Civilization, as most of us know it, ends at Phuldumer, a fivefamily hamlet in Kalahandi, Odisha. Beyond that is the trek up to the Niyamgiri hills, into the forest with raindrops glistening like sweat on trees, claustrophobic in its profusion. Stillness is a presence; the mist alone rolls around unmindful of the straining, watchful eyes of CRPF platoons combing the area for Maoist insurgents.
The heavily-armed men in camouflage are at the head of a procession that would be picaresque if it were fictional. There are young men and women, their earnestness marking them as NGO workers; a press posse that can only be described as rag-tag; to them, add a Block Development Officer, a tehsildar, local police, a district revenue officer with elaborate maps, a doctor, and lurking somewhere, an IB man posing as a journalist, but only just. At the centre of this retinue is the district judge, a diminutive man with his slicked-back hair, neatly trimmed moustache and crisply ironed shirt tucked into brown rain-proof plastic trousers that fail to dent his gravitas. An orderly walks ahead of him, wearing a red sash, the spotless white of his uniform defying the elements. Perched unseen on their shoulder is the precious and rather fragile burden of democracy being carried, huffing and puffing, up to a people on the outermost margins of existence.
The 19th century emigre naturalist Antonio Raimondi once described Peru as “a beggar sitting on a bench of gold”. That description could well apply to 21st century Niyamgiri. The hill range, spread over 250 kilometers of abundant forest and mineral wealth, straddles two of India’s most backward districts, Kalahandi, infamous for its famines, and Rayagada, battling a cholera outbreak at present.
The indigenous Dongria Kondh and Kutiya Kondh tribes live deep into these forests. They are hunter-gatherers believed to have descended from the Proto-Australoids who were the first group of people to have left sub-Saharan Africa 65,000 years ago.
They speak in Kui, a dialect little-heard outside Niyamgiri. They have no access to social media or mobile phones (no signal in the jungle), and yet the Kondhs, numbering but a few thousand, are winning a sophisticated battle against the 15 billion dollar company Vedanta Resources, which wants to mine the 72 million tonnes of bauxite that lie beneath.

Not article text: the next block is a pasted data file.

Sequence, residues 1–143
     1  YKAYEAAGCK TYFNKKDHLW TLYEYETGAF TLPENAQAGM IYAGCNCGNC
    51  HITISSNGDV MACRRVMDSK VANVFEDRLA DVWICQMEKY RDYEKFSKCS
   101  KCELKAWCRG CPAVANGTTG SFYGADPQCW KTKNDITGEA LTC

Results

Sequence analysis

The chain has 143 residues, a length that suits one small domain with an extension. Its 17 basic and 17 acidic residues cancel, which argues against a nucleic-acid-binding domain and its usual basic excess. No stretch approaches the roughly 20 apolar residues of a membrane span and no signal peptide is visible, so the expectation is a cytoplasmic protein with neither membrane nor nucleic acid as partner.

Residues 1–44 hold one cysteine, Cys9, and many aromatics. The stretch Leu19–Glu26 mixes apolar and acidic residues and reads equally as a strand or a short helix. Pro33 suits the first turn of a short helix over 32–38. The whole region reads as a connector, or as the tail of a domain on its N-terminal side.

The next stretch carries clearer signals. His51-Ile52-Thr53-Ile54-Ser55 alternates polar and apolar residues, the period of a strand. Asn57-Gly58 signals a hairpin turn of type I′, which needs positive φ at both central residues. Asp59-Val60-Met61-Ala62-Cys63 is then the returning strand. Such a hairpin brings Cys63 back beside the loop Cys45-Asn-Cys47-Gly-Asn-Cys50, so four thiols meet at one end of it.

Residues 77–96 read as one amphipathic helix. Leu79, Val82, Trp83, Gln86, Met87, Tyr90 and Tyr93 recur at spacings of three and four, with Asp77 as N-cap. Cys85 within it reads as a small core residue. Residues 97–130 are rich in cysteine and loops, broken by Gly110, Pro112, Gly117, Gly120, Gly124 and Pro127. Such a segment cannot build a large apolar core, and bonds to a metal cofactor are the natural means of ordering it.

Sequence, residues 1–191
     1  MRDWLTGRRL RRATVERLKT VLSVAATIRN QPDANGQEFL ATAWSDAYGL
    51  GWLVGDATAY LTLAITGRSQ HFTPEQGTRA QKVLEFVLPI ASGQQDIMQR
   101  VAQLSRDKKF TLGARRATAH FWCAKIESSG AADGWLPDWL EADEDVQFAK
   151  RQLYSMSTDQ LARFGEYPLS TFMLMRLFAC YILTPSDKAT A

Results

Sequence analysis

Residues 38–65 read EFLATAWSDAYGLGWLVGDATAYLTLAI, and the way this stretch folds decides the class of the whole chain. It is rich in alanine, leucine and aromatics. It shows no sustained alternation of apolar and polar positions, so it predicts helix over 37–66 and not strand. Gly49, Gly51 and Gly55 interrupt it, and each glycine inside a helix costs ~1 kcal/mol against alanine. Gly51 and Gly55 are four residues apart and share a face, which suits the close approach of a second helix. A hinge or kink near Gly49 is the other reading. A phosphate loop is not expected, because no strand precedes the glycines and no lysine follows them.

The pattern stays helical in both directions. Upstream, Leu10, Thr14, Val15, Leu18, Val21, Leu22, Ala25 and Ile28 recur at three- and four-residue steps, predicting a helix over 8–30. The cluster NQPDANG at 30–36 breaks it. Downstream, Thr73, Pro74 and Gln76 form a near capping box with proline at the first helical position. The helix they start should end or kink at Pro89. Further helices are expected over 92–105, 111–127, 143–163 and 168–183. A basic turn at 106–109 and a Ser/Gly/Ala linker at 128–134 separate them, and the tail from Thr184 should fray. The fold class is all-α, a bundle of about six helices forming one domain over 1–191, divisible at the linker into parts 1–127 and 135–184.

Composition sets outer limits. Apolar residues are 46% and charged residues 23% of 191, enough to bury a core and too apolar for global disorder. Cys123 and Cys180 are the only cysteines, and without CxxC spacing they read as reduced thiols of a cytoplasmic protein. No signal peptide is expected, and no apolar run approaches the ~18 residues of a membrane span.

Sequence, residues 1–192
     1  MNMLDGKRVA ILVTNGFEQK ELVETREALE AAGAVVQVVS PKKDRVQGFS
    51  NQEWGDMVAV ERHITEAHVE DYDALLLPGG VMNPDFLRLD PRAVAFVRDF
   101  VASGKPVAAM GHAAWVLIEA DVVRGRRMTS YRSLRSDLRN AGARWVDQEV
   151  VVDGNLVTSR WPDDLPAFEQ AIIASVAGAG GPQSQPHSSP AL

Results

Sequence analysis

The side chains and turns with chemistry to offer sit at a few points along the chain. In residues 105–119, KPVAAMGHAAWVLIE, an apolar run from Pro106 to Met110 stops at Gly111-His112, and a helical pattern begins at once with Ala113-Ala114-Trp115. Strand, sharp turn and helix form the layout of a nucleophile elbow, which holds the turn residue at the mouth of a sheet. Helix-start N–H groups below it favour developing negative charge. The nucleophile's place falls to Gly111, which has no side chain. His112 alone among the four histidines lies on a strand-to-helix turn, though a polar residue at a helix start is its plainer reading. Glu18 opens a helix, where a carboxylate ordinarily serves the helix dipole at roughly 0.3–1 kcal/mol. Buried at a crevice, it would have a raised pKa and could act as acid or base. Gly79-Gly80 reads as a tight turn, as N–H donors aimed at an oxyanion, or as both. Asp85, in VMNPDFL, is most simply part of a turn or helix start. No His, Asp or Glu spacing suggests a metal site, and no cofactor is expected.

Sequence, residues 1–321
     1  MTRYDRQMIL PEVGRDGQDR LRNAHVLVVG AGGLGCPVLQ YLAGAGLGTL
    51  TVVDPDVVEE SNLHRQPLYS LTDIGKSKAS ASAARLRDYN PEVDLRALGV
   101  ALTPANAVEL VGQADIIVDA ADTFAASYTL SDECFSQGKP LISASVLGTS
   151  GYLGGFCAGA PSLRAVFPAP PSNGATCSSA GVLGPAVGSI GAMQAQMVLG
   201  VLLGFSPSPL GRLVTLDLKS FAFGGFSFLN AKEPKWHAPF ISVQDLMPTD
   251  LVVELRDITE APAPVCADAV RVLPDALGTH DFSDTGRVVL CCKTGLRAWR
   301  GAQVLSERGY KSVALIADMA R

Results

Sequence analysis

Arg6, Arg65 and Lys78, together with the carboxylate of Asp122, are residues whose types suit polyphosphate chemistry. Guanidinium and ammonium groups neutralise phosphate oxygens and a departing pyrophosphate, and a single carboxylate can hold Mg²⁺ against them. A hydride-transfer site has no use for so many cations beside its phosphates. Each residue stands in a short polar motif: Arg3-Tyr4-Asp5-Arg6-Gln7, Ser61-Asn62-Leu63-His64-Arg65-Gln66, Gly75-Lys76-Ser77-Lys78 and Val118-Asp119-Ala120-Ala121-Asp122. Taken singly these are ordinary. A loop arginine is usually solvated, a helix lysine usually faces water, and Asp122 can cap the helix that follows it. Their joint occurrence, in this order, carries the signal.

That is our God you wish to desecrate, say the Kondhs. Everything in their eco-system is sacred – they don’t till the land for fear of hurting Mother Earth, and worship the hilltop near the village of Hundaljali as Nimmagiri – the God who protects them from the evil eye.
It would seem that He has been working overtime. In April this year, the Supreme Court, while hearing the Orissa Mining Corporation and Vedanta Resources Versus Ministry of Environment and Forest and Others, asked for a vote to be held across the remote interiors of Niyamgiri.
At each of the referendums held so far – tomorrow is the last of the 12 – ordered by court, tribals have said a resounding no to giving Vedanta any right over the 660 hectares it wants.
Vedanta promoter Anil Agarwal, himself a college dropout who once walked 10 kilometers to his school in Bihar but today flies around the world in private jets, had offered them a model of Corporate Social Responsibility: schools, roads, hospitals, jobs, connectivity. Such was his confidence in this paradigm of progress that even before all permissions were in, Vedanta went ahead and constructed a sprawling 1.7 billion dollar alumina refinery at Lanjigarh at the base of Niyamgiri. All he needs now is the ore that lies so tantalizingly close.
Agarwal’s come-uppance at these referendums goes right to the heart of the great debate of our times: what is it that we consider as developed? By spurning Vedanta and not wanting anything in return, the tribals of Niyamgiri – poor, uneducated, unexposed – have raised a Yaksha Prashna that will require equally imaginative answers.
At the referendum or pallisabha at Lakhpadar, a village that’s at a distance of 18 kilometers from the Vedanta refinery, a bewildered reporter from Daily Telegraph, London, asks one of the tribals, “But what about satellite television? And motor cars…Don’t you miss Shah Rukh Khan and Aishwarya Rai?”